necessarily oily)
  • Red, scaly patches may indicate eczema (in
    infants may appear on cheeks or in diaper area)
  • Cradle cap manifests as greasy, yellow-brown
    patchs on scalp when not properly washed

16
Thyroid conditions
  • Hyperthyroidis Hypothyroidis
  • smooth dry
  • moist thick
  • warm pale
  • thin rough scaly
  • itchy

17
Wound Assessment
  • Wound
  • Type incision,laceration, skin tear,
    rash,perineal excoriation, decubitus
  • Appearance pink, red, eschar, sloughing,edematous
    , ecchymosis
  • Dressing open to air, changed, sterile, dry,or
    intact with sutures, staples, steristrips
  • Drainage serous, purulent, sanguinous, or none

18
Wounds with Eschar
19
Incisions
20
Bruising/Ecchymosis
  • Ecchymosis should be consistent with reported
    trauma. Bruising above the knees and below the
    elbows is suspicioius and may indicate abuse.
  • Photograph ecchymosis (ED)
  • The age of the ecchymosis can be determined by
    color

21
Assessing Skin Turgor
  • To determine turgor, pinch a fold of skin under
    the clavicle or on the forearm so the top skin
    separates from the underlying structure. Assess
    as follows
  • Normal rises easily and returns to place
    immediately
  • Abnormal skin does not return to place
    immediately but exhibits tenting

22
Assessing Turgor
  • Because poor skin turgor is more common and more
    prominent in the elderly patient due to loss of
    elasticity, check for skin turgor at the sternum.
  • Abnormal turgor is exhibited in dehydration,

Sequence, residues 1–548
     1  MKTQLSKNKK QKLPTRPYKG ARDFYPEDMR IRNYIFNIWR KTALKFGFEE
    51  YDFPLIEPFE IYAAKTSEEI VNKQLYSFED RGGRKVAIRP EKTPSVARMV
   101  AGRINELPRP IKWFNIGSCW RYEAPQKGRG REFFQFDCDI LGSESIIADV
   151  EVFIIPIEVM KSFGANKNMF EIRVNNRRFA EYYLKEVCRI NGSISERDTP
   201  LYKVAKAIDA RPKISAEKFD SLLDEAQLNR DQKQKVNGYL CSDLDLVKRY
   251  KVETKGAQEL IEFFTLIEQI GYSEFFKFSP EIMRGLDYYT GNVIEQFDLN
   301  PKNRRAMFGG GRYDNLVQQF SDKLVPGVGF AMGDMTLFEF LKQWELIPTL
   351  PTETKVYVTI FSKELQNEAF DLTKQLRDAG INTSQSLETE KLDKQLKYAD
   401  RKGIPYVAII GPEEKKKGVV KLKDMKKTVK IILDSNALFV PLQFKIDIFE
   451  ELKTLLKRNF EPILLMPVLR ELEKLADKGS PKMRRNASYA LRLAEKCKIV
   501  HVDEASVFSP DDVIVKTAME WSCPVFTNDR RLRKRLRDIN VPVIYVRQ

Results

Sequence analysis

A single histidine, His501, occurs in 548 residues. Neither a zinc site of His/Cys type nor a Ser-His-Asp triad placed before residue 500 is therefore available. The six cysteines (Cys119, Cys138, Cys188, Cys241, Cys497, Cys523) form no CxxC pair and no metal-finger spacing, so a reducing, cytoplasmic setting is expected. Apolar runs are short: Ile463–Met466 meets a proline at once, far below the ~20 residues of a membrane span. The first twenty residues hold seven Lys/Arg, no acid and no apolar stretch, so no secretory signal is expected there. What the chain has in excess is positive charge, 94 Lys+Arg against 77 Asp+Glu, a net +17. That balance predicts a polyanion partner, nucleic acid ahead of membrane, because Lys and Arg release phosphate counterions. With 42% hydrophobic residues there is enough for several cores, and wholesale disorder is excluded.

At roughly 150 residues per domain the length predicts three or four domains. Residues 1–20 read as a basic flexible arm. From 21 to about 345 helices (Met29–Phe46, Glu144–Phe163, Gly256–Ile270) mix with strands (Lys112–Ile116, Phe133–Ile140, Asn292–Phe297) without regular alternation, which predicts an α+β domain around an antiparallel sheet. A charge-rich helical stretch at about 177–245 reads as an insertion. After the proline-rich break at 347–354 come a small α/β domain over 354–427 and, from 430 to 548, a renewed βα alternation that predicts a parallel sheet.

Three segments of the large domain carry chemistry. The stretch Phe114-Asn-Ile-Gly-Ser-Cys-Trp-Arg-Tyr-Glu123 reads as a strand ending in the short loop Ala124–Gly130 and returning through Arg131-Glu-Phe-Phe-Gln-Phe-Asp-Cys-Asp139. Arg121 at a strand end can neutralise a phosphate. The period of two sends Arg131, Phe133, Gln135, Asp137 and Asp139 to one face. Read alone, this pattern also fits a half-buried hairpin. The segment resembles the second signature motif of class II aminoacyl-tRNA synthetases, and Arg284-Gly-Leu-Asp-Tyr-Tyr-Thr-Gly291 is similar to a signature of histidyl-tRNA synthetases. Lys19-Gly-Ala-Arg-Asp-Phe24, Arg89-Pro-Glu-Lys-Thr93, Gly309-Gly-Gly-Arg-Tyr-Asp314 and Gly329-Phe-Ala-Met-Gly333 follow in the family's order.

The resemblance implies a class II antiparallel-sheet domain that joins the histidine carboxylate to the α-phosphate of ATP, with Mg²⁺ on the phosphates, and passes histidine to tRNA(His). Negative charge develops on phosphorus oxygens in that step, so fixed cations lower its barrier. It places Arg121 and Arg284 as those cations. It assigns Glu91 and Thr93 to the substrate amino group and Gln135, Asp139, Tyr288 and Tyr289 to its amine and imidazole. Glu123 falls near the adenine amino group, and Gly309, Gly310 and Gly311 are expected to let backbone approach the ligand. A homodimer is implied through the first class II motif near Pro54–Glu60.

edema, scleroderma, connective tissue disorders

23
Assessing Lesions
  • Examine lesion color and elevation with a
    flashlight
  • Wear gloves to examine lesions
  • Record size (diameter) of lesions and surrounding
    erythema in centimeters

24
Assessing Lesions
  • Elevation
  • Flat?
  • Raised?
  • Pedunculated (connected to the skin on a stem or
    stalk-like base)

25
Assessing Lesions
  • Distrubution Symmetrical or asymmetrical
    distribution of lesions
  • Generalized (widely distributed)
  • Localized
  • Regional (specific to an area)

26
Assessing Pressure Ulcers
27
Stage One
  • Intact skin with non-blanchable redness of a
    localized area usually over a bony prominence

28
Stage Two
  • The epidermis or topmost layer of the skin is
    broken, creating a shallow open sore. Drainage
    may or may not be present.

29
Stage Three
  • Full thickness tissue loss. Subcutaneous fat may
    be visible but muscle, bone and tendon are not
    exposed. Slough may be present but does not
    obscure the depth of the tissue loss. May
    include undermining and tunneling.

30
Stage Four
  • Full thickness skin loss with extensive
    destruction, tissue necrosis, or damage to
    muscle, bone, or supporting structures.

31
Assessing IV Site
  • Note if IV is patent
  • Note location and type of catheter
  • Note if there is redness or edema
  • Note if the dressing is dry and intact
  • Note if IV site or dressing is changed